What are the lessons of King Richard III and the other people who I mentioned? That nothing last forever. We, both famous and not so famous, have markers, monuments and grave stones to prove that we were here and be remembered. But, it is a futile attempt. If King Richard III can be covered by a parking lot, then we all can.

As I titled another post, only the rocks live forever, and they are usually the ones without inscriptions. We can put up all the monuments in the world, but we have to realize that they will not always stand. We can only live our lives and make our marks on our little part of the world. For kings, presidents and anyone else in the world that should be enough.

Before I stop writing, there is one more thing I should do. I present to you a likeness of King Richard III.King Richard III

10 Responses to “The Lessons of Richard III”

  1. leslinalicia February 5, 2013 at 03:36 #

    This is where documentation comes into play. Also money, people who care and well more money.

    • Rick February 5, 2013 at 04:27 #

      Spoken like a true preservationist.

  2. javaj240 February 5, 2013 at 07:01 #

    I always say, “This,too, shall pass”.

    • Rick February 5, 2013 at 13:38 #

      It usually does.

  3. DyingNote February 5, 2013 at 15:33 #

    We have another feeble attempt at immortality in some communities – naming children after their grandparents. I’m named after my maternal grandfather. Even my mother doesn’t remember him – he died when she was 4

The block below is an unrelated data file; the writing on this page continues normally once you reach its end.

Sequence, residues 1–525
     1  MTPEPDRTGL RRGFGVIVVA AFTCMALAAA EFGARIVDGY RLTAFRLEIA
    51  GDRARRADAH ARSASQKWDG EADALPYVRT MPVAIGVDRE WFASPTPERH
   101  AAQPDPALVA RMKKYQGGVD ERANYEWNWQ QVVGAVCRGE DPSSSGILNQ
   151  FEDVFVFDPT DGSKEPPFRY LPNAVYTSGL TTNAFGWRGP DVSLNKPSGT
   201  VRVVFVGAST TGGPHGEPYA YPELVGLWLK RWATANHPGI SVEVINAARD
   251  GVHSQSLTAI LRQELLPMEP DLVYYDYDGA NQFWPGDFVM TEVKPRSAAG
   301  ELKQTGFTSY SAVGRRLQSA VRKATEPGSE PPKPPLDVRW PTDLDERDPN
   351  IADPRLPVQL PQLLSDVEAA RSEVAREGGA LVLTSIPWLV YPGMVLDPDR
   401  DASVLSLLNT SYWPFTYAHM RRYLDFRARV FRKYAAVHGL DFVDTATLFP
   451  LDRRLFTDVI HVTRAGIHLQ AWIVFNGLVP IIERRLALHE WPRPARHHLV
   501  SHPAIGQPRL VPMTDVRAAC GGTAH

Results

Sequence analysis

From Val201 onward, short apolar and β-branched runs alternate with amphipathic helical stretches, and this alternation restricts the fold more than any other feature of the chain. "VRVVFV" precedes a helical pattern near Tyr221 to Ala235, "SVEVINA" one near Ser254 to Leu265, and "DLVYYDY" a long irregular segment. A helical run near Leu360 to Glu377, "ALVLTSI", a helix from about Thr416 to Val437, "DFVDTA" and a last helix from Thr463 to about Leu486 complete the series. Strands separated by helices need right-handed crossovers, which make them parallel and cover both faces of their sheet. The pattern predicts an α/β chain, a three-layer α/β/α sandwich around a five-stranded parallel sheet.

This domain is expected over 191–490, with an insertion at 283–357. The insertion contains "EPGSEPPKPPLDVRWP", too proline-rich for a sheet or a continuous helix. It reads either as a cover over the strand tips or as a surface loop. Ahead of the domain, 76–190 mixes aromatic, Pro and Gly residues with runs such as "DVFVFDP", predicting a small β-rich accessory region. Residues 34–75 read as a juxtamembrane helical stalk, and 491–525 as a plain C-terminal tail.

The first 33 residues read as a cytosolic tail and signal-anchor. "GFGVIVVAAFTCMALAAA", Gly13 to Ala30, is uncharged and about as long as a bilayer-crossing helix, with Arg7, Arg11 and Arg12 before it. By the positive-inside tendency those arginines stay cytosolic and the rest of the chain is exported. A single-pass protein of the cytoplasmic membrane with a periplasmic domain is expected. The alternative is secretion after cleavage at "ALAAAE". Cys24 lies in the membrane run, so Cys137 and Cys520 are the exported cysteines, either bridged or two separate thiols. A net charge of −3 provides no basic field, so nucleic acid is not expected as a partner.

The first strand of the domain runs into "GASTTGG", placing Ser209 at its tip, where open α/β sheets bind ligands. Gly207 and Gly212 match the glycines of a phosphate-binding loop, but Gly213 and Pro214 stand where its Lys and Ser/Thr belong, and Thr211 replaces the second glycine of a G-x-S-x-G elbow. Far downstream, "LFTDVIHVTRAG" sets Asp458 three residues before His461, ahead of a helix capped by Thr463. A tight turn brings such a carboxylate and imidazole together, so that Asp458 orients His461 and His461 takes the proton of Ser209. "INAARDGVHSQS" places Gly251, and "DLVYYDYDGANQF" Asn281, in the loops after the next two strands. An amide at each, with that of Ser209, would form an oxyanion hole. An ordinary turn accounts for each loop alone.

• Rick February 5, 2013 at 18:49 #

      That’s an excellent example. My family likes to look at pictures of people long dead and talk about how much we look like them.

  4. John S February 6, 2013 at 00:32 #

    Richard III didn’t have much choice about his grave. He was killed at the Batlle of Bosworth Field in 1485, which heralded the start of the Tudor reign under Henry VII. He was hastily buried in the Church of the Grey Friars in Leicester, now one of England’s biggest cities. The church was destroyed in Henry VIII’s dissolution of the monasteries in the 16th century. And in the 20th century, that site became a car park – a typical fate. It seems that a skull and skeleton, complete with deformed spine, has been found and confirmed to be that of Richard III. The remains are to be interred in Leicester Cathedral. One excitable MP has suggested he should have a state funeral!

    Shakespeare created the image of Richard III as one of the most evil Kings, but they were all pretty awful. His most famous expression, courtesy of Shakespeare is: ” A horse, my kingdom for a horse!” Things weren’t going too well at the time. The examination of his skull suggests some pretty brutal blows from those heavy swords they liked at the time. Not a happy ending!

    • Rick February 6, 2013 at 04:24 #

      I knew that he took the throne in a questionable way and ended his reign violently, Still, I can’t help but think that he thought it would go better than that.

  5. keithlittlefield July 28, 2013 at 03:14 #

    only the rogks live forever

    • Rick July 28, 2013 at 15:04 #